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Nonlinear Processes in Geophysics An interactive open-access journal of the European Geosciences Union
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Volume 15, issue 3
Nonlin. Processes Geophys., 15, 409–416, 2008
https://doi.org/10.5194/npg-15-409-2008
© Author(s) 2008. This work is distributed under
the Creative Commons Attribution 3.0 License.
Nonlin. Processes Geophys., 15, 409–416, 2008
https://doi.org/10.5194/npg-15-409-2008
© Author(s) 2008. This work is distributed under
the Creative Commons Attribution 3.0 License.

  23 May 2008

23 May 2008

Non-stationary temporal characterization of the temperature profile of a soil exposed to frost in south-eastern Canada

F. Anctil1, A. Pratte1, L. E. Parent2, and M. A. Bolinder2 F. Anctil et al.
  • 1Department of Civil Engineering, Université Laval, Québec, Canada
  • 2Department of Soils and Agrifood Engineering, Université Laval, Québec, Canada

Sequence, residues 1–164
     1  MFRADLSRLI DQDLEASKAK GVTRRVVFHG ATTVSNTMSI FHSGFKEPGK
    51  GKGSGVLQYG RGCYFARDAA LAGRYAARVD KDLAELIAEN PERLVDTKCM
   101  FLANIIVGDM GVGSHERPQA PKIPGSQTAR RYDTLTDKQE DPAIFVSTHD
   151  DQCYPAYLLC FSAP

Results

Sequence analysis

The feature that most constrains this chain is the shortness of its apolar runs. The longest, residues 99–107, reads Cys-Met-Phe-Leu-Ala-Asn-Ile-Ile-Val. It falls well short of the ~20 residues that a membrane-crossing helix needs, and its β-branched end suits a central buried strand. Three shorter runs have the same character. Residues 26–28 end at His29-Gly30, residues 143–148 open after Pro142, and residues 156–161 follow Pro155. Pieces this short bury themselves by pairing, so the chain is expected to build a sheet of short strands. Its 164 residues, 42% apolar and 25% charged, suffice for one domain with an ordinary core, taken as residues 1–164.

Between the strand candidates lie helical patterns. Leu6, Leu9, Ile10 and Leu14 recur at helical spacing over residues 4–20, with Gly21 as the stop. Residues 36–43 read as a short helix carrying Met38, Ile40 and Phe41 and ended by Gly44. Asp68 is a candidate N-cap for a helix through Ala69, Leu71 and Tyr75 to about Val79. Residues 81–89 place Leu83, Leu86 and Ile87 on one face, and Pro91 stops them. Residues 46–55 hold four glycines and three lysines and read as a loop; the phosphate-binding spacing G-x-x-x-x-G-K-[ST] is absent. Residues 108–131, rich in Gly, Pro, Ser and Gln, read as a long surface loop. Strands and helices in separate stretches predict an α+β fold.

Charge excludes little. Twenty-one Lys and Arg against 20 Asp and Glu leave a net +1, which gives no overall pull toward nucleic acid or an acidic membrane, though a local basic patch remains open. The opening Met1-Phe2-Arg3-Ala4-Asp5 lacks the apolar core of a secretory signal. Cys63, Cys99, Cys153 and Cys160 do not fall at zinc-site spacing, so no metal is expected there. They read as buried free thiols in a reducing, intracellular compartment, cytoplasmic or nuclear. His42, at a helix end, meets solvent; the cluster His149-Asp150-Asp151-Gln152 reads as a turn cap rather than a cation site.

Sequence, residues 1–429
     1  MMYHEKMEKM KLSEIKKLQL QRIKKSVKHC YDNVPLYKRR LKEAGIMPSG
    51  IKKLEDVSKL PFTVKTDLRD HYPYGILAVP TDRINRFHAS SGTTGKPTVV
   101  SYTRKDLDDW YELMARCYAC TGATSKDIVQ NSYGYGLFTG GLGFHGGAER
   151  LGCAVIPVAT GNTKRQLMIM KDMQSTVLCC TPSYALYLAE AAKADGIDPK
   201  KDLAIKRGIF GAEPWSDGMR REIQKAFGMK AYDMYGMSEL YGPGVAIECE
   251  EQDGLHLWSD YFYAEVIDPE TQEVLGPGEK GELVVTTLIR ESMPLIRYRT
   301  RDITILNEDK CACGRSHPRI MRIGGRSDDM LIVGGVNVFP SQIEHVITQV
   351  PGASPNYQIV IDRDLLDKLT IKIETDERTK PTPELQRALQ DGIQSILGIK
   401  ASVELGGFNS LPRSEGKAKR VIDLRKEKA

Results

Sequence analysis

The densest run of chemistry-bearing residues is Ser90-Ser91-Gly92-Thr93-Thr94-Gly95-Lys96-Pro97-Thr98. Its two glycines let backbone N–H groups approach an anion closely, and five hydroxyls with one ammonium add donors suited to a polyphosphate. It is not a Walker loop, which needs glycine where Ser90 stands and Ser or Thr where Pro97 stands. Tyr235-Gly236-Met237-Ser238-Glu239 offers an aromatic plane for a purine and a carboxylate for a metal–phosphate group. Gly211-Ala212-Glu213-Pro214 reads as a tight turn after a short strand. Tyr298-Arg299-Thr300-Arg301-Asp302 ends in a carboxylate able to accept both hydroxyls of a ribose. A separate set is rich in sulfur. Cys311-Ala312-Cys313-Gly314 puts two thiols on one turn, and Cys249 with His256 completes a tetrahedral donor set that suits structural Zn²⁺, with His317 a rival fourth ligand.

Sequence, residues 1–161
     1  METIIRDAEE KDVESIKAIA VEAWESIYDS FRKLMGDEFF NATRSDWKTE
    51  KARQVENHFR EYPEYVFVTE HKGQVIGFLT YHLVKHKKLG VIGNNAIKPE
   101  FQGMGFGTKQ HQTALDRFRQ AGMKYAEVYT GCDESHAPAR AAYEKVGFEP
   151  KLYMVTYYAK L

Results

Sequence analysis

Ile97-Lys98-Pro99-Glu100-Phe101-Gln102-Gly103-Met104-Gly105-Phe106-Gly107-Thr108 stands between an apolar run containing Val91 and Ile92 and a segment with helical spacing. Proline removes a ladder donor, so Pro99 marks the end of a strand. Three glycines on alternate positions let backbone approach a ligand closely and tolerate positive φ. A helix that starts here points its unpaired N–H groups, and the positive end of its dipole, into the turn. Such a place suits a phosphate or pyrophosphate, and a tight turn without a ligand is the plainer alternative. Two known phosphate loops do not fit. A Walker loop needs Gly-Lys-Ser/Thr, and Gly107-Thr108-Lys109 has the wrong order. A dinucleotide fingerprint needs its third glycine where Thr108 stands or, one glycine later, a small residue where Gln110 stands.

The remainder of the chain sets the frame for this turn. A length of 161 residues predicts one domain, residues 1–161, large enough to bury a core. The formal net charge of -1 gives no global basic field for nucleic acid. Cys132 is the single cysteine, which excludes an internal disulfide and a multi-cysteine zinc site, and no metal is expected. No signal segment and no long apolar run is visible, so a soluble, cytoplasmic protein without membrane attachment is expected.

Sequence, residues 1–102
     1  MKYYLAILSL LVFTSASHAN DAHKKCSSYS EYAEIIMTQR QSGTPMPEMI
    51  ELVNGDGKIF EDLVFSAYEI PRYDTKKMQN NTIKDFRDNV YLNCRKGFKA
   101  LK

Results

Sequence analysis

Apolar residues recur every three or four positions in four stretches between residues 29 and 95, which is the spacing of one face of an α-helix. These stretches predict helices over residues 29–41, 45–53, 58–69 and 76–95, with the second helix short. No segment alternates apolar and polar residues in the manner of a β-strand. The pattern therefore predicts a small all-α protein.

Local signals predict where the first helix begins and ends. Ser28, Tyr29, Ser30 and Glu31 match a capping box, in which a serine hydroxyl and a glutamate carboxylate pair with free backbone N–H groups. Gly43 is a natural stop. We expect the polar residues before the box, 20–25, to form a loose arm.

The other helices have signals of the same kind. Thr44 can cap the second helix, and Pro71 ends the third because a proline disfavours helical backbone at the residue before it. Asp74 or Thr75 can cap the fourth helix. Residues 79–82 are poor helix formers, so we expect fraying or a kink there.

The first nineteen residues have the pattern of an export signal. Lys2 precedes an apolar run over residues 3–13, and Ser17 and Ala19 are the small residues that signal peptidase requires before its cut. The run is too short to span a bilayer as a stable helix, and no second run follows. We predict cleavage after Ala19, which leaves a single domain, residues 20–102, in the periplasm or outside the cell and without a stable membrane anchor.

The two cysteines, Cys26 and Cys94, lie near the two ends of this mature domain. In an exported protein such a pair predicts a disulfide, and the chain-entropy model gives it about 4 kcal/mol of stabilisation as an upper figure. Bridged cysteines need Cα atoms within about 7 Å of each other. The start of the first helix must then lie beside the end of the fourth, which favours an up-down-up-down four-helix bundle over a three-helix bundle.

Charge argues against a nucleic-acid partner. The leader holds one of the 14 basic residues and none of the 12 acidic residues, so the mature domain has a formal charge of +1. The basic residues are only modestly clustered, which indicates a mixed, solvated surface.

Abstract. The objective of this work was to compare time and frequency fluctuations of air and soil temperatures (2-, 5-, 10-, 20- and 50-cm below the soil surface) using the continuous wavelet transform, with a particular emphasis on the daily cycle. The analysis of wavelet power spectra and cross power spectra provided detailed non-stationary accounts with respect to frequencies (or periods) and to time of the structure of the data and also of the relationships that exist between time series. For this particular application to the temperature profile of a soil exposed to frost, both the air temperature and the 2-cm depth soil temperature time series exhibited a dominant power peak at 1-d periodicity, prominent from spring to autumn. This feature was gradually damped as it propagated deeper into the soil and was weak for the 20-cm depth. Influence of the incoming solar radiation was also revealed in the wavelet power spectra analysis by a weaker intensity of the 1-d peak. The principal divergence between air and soil temperatures, besides damping, occurred in winter from the latent heat release associated to the freezing of the soil water and the insulation effect of snowpack that cease the dependence of the soil temperature to the air temperature. Attenuation and phase-shifting of the 1-d periodicity could be quantified through scale-averaged power spectra and time-lag estimations. Air temperature variance was only partly transferred to the 2-cm soil temperature time series and much less so to the 20-cm soil depth.

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